, Volume 8, Issue 3, pp 639–654 | Cite as

Acceptability, Feasibility, and Efficacy of a Workplace Mindfulness Program for Public Sector Employees: a Pilot Randomized Controlled Trial with Informant Reports

  • Larissa Bartlett
  • Pamela Lovell
  • Petr Otahal
  • Kristy SandersonEmail author


Mindfulness training appears to reduce stress and distress, but little is known about whether it results in changes that can be observed by colleagues, family, or friends or its appropriateness as a workplace stress management intervention for a large and distributed public sector workforce. This study evaluated a pilot 5-week Mindfulness at Work Program (MaWP) for acceptability, feasibility, and efficacy in relation to stress and related mental health and productivity problems for public sector employees. A parallel group randomized controlled trial compared the MaWP intervention (n = 20) with an information-only control (n = 100). Exploratory qualitative and quantitative methods were used to assess changes observed by informants (n = 63). Results suggest a high degree of acceptability, although location and inflexible work schedules presented feasibility obstacles. Compared with the control, the primary outcome of mindfulness improved for MaWP participants (d = 0.57, p < 0.001), as did perceived stress (d = 0.97, p < 0.001), psychological distress (d = 0.61, p < 0.001), health-related quality of life (d = 0.51, p = 0.002), and social functioning (d = 0.08, p = 0.019). All secondary outcomes were at least partly mediated by changes in mindfulness. The intervention thus appears to have potential merit as a workplace intervention for public sector employees across a range of outcomes. Obtaining informant observations was feasible and while qualitative analyses indicated positive changes that supported self-reported outcomes, quantitative analyses returned ambiguous results. A seven-item scale adapted from a popular self-report mindfulness scale for use by informants showed promise, but further work is needed to establish validity, reliability, and scalability of this method of assessing observable changes following mindfulness training.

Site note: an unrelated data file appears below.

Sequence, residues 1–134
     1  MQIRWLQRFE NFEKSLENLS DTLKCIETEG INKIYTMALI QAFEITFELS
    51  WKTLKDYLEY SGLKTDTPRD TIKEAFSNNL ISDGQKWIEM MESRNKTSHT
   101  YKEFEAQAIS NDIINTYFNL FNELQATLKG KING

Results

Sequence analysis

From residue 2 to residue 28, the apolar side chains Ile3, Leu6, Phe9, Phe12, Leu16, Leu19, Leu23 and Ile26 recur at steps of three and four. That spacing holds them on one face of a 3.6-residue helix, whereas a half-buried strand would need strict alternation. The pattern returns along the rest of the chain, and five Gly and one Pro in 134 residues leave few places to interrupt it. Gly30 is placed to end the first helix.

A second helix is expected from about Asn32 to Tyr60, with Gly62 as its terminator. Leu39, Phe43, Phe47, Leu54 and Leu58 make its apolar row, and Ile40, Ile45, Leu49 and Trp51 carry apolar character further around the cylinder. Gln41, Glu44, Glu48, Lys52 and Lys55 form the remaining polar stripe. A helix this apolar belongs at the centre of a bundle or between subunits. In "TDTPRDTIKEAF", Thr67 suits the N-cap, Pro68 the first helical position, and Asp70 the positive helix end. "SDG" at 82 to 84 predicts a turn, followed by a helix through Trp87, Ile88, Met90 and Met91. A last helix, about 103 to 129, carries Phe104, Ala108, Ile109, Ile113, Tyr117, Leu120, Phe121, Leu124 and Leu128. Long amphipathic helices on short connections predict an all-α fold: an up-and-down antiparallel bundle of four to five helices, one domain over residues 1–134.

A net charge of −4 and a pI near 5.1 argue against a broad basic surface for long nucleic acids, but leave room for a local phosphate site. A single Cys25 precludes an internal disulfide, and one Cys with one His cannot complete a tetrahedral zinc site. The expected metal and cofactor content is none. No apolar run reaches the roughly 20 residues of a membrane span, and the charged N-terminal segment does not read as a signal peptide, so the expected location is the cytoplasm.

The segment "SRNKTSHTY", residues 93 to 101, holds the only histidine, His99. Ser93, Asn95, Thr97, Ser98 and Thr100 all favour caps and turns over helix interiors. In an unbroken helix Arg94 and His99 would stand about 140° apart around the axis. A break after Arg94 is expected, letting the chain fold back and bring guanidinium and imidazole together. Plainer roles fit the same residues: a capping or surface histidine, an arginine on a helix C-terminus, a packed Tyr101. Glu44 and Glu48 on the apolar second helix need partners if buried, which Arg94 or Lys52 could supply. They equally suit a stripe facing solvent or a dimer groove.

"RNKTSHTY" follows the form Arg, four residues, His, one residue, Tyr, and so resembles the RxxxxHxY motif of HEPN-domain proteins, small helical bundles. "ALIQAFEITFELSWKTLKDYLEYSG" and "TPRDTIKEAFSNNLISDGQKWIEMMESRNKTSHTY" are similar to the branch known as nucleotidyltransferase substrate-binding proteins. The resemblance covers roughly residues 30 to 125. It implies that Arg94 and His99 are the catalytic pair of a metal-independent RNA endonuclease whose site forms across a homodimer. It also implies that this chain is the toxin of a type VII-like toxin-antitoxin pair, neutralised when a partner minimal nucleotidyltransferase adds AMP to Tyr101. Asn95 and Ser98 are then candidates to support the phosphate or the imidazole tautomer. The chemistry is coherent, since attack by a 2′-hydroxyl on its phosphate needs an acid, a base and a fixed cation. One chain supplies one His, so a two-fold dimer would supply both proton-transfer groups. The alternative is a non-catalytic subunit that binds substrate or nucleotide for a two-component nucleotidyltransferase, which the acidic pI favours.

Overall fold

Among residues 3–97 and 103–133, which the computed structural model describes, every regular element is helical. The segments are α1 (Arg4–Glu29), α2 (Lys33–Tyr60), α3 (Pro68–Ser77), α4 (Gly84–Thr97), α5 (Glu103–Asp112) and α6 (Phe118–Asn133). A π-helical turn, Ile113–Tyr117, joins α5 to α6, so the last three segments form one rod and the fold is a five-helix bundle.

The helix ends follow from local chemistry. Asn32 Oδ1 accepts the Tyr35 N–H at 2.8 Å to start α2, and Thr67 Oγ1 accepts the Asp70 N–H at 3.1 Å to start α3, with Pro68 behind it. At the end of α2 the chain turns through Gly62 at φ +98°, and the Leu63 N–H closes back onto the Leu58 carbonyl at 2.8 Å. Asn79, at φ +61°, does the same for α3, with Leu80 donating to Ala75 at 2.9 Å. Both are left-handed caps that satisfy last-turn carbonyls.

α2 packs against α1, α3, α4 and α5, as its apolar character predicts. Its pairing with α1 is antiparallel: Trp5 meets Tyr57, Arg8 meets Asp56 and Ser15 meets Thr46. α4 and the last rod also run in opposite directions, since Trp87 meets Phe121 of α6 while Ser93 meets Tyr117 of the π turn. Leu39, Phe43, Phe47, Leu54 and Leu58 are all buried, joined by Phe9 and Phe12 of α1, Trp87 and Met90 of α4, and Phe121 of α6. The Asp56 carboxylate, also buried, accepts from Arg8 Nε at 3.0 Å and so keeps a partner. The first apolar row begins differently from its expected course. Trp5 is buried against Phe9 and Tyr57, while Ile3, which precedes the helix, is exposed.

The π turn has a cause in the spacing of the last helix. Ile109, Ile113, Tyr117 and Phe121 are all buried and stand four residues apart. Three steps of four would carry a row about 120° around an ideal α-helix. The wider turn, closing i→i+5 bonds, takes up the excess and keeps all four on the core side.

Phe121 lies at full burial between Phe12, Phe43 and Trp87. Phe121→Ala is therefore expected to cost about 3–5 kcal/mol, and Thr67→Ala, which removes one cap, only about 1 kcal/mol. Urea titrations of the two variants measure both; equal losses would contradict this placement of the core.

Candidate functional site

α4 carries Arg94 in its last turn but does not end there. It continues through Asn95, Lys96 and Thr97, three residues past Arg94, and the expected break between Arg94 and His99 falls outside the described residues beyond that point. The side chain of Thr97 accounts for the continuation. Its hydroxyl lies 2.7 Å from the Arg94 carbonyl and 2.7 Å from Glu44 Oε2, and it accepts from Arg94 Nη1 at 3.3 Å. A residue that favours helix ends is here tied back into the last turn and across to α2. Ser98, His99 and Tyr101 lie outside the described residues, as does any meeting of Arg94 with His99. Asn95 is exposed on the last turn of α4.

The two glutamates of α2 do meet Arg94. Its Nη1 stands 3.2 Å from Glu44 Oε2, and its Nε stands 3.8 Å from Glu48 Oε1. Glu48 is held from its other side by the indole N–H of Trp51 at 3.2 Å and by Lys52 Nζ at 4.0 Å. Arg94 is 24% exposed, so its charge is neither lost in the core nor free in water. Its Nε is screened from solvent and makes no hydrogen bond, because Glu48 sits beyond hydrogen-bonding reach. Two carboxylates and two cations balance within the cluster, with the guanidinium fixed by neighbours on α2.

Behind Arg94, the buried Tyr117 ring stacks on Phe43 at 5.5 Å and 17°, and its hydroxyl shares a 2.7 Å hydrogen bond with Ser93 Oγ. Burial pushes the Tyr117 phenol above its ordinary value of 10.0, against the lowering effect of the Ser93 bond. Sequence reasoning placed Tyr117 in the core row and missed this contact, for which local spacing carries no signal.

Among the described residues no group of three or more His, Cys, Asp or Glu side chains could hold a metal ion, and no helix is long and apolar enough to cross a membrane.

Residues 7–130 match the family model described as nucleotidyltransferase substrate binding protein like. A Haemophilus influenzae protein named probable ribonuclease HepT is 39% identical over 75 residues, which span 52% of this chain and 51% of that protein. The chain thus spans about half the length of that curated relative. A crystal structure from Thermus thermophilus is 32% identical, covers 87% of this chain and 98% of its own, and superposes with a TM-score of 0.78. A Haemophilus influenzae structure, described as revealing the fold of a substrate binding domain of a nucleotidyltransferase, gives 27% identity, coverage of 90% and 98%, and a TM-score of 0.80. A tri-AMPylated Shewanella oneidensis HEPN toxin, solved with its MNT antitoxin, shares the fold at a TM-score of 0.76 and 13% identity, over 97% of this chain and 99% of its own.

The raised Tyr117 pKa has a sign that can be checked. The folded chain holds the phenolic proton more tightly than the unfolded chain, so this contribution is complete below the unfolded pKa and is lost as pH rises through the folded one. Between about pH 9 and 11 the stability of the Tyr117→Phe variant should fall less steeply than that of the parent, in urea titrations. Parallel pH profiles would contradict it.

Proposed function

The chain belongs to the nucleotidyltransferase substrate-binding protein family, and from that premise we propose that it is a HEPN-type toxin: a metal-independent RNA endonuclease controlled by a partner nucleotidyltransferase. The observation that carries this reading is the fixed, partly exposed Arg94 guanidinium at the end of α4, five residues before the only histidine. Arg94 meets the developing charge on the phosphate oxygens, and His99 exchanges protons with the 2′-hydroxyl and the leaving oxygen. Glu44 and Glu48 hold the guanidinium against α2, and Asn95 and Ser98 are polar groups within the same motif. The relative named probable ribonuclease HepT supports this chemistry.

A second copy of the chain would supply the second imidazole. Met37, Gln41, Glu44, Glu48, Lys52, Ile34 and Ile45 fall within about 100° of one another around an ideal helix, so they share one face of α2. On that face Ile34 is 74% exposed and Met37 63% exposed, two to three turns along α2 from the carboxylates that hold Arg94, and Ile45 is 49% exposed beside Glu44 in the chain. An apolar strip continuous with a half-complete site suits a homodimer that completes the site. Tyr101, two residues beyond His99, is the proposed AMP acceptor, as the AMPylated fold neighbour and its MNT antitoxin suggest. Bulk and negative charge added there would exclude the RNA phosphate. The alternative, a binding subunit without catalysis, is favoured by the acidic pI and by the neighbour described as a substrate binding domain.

Mindfulness Workplace Stress Mental health Informants 



This project was conducted at the Menzies Institute for Medical Research.

The primary author received support through the Groom Kennedy Lawyers Scholarship in Medical Research.

The study team gratefully acknowledges Pamela Lovell (Mindful Intent Pty Ltd) and Carl Cazaly (Tasmanian State Service Management Office) for facilitating this research as well as all participants and informants who completed surveys.

Compliance with Ethical Standards

Conflicts of Interest

Pamela Lovell (Director of Mindful Intent Pty Ltd) designed and delivered the MaWP. This author was not involved in study design, data collection, analysis, or interpretation. The remaining authors declare no potential conflicts of interest.

Ethics Approval

All procedures were in accordance with the ethical standards of the University of Tasmania’s Social Sciences Human Research Ethics Committee, which approved the study on April 2, 2015, with ID number H0014746. This article does not contain any studies with animals performed by any of the authors. Informed consent was obtained from all individual participants included in the study.

Supplementary material

12671_2016_643_MOESM1_ESM.docx (99 kb)
ESM 1 (DOCX 98 kb)


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Copyright information

© Springer Science+Business Media New York 2016

Authors and Affiliations

  • Larissa Bartlett
    • 1
  • Pamela Lovell
    • 2
  • Petr Otahal
    • 1
  • Kristy Sanderson
    • 1
    Email author
  1. 1.Menzies Institute for Medical ResearchUniversity of TasmaniaHobartAustralia
  2. 2.Mindful Intent Pty LtdHobartAustralia

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